The Atheists may appeal the Kentucky court’s ruling. If so, the appeal would be to the Sixth Circuit Court of Appeals, which covers the states of Kentucky, Michigan, Ohio, and Tennessee. The outcome of any appeal will be addressed in a future issue of this newsletter, and in the annual Church & Clergy Tax Guide.
Effects on the housing allowance challenge
Perhaps the greatest significance of the Kentucky court’s decision is its possible relevance to the constitutional challenge to the ministerial housing allowance that remained before a federal appeals court in Chicago as this issue went to press.
In 2013, a federal district court in Wisconsin concluded that section 107(2) of the tax code, which allows ministers to claim a housing allowance exclusion in computing their income tax liability, was an unconstitutional preference for religion in violation of the First Amendment’s ban on any governmental establishment of religion. Freedom From Religion Foundation, Inc. v. Lew, 2013 WL 6139723 (W.D. Wis.2013).
The Kentucky court concluded that the Freedom from Religion Foundation (FFRF) case was inapplicable to the Atheists’ challenge to tax code provisions favoring religious organizations for several reasons. Most importantly, “the plaintiffs in FFRF and the instant case present no facts or authority that establish that an organization expressing atheist beliefs could never qualify as a tax exempt religious organization or church. The FFRF court based its denial of [the government’s] motion to dismiss on the fact that the government admits that plaintiffs could not qualify as ‘churches’ in order to receive the exemption.”
In contrast, the government in the Kentucky case strongly argues that there is no evidence the Atheists could not qualify as a church or religious organization, and the IRS does not admit that the Atheists could not qualify as a ‘church’ in order to receive the exemption. Defendant continually asserts that the Atheists could qualify as a church or religious organization under the challenged tax code provisions. This Court does not find the FFRF court’s finding that “there is no reasonable construction of section 107 [the housing allowance] that would include atheists,” persuasive or applicable to the instant case. Rather, as [the government] points out, in the First Amendment context, atheism is considered a religion because “when a person sincerely holds beliefs dealing with issues of ‘ultimate concern’ that for her occupy a ‘place parallel to that filled by … God in traditionally religious persons,’ those beliefs represent her religion.” Kaufman v. McCaughtry, 419 F.3d 678, 681-682 (7th Cir. 2005). This Court has no basis to presume that the IRS would not adopt the same or similar definition of religion and deny an atheist organization classification due to its alleged lack of supernatural beliefs.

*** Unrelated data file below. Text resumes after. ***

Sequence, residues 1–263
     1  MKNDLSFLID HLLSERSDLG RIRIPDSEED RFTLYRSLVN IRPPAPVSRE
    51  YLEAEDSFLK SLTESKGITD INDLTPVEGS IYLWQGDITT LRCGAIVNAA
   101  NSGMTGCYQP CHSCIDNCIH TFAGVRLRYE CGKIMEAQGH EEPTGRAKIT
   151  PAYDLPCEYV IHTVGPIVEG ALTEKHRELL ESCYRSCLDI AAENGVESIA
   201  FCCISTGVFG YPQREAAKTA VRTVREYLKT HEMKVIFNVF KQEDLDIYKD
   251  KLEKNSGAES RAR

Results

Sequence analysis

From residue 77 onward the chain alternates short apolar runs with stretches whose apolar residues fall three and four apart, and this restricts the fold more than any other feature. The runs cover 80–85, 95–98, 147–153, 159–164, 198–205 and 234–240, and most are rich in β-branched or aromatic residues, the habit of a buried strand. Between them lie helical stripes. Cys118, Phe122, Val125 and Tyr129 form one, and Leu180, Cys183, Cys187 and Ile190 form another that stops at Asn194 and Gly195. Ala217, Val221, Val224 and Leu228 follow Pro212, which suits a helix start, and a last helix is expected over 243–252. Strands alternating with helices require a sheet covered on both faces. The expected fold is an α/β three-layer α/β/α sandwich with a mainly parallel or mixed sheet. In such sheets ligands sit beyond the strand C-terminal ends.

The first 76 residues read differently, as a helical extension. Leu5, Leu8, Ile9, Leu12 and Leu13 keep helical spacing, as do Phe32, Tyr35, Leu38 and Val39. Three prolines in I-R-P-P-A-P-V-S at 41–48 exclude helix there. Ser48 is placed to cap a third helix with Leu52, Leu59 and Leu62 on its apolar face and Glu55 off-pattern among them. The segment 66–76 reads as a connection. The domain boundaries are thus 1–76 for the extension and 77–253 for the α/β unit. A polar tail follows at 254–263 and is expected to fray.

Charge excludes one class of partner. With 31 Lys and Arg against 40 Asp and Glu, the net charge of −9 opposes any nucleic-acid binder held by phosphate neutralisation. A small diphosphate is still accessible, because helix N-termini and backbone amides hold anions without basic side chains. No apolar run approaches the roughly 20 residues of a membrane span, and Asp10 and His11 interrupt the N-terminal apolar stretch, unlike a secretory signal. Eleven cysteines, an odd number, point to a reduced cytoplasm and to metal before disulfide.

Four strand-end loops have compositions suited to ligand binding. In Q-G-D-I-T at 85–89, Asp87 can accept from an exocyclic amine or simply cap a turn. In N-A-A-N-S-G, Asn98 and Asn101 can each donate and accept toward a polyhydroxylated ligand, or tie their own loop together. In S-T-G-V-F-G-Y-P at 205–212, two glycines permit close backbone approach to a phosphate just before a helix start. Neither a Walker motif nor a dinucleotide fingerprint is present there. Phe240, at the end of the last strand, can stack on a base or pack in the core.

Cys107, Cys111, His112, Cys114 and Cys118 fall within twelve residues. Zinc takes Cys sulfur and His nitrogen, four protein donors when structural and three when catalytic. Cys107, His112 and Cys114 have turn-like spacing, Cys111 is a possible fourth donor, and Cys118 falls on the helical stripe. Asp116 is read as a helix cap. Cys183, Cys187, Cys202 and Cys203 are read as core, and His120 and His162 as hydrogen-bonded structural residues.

The Wisconsin court’s invalidation of the housing allowance as an unconstitutional preference for religion is on appeal to a federal appeals court in Chicago. While the Kentucky court’s ruling will have no binding effect on the appeals court’s consideration, it may be helpful in supporting a reversal of the Wisconsin court’s ruling on two grounds: (1) lack of standing, including taxpayer standing; and (2) the definition of “religion” to include atheism.
By Richard R. Hammar
Richard R. Hammar is an attorney, CPA and author specializing in legal and tax issues for churches and clergy.